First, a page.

Public Works suspension policy needs more consultation
A one-month consultation period is not enough for stakeholders to study and comment on policy.
The CBA’s Anti-Corruption Team has 18 recommendations to make on the federal government’s draft revised Ineligibility and Suspension Policy for public works contractors.
But its first comment may be its most important: that a one-month consultation period didn’t give stakeholders nearly enough time to study and comment on the policy, which is set to be finalized in early 2019.
“Based on our general awareness and discussions with clients who are suppliers to the federal government, we believe the consultation was not long enough or sufficiently publicized to gather meaningful input from federal government contractors and other stakeholders,” the team says in its submission. “The proposed changes to the draft policy are substantial and the government would benefit from a thorough consultation more likely to identify unintended adverse consequences.”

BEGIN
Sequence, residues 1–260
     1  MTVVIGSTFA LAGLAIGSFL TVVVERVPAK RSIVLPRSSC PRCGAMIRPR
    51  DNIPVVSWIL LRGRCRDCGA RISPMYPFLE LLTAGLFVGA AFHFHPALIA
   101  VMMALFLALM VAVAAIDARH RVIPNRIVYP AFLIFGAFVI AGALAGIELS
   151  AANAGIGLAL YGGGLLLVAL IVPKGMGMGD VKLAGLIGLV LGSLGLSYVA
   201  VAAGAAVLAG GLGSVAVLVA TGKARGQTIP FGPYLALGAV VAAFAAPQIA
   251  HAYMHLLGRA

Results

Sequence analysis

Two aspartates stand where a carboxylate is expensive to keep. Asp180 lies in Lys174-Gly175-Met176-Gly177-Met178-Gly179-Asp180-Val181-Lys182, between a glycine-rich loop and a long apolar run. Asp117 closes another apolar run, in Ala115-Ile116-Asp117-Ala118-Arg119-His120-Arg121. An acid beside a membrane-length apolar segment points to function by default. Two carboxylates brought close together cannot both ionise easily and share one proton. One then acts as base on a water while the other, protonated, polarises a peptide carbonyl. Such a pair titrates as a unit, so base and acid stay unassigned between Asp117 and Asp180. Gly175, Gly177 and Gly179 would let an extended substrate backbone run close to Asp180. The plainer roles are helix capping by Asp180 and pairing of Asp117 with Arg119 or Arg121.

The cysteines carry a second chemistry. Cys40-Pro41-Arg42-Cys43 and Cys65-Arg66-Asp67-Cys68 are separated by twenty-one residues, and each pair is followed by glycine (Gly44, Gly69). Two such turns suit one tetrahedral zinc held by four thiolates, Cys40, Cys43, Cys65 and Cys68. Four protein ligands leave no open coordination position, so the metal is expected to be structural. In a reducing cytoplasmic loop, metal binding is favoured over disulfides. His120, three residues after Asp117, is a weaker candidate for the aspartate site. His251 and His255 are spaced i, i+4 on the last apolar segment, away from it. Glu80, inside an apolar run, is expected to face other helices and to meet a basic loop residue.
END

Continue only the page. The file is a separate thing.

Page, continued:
While a number of the recommendations have to do with clarifying language and definitions of terms, the team also expresses concerns about minimum response times, and allowances for flexibility in exceptional circumstances.
The team is also concerned that under new terms in the draft policy companies can be debarred from applying for government contracts over relatively minor infractions that could occur as part of day-to-day operations, such as failing to submit a declaration form before importing an engine.
“To the extent the scope of debarment offences moves away from offences directly relevant to government contracting, the rationale for debarment may become less clear,” the team writes. “While the goal is laudable, using debarment to achieve other social, economic and environmental policy objectives could create uncertainty and inadvertently limit the number of companies prepared to bid on government contracts.”
It also notes that the draft policy would add punishments on top of penalties already assessed by the courts, which might be “unrelated to the seriousness of the offence giving rise to the conviction.”
The team also raises questions of solicitor-client privilege, saying that the Integrity Regime must be held to the same standard as that set out by the Supreme Court for solicitor-client privilege. It recommends removing the reference to Public Works and Government Services Canada’s ability to request “legal opinions” from a supplier, and encourages “consideration of a statutory non-waiver provision and clear restrictions on sharing this information beyond those involved in the eligibility determination process.”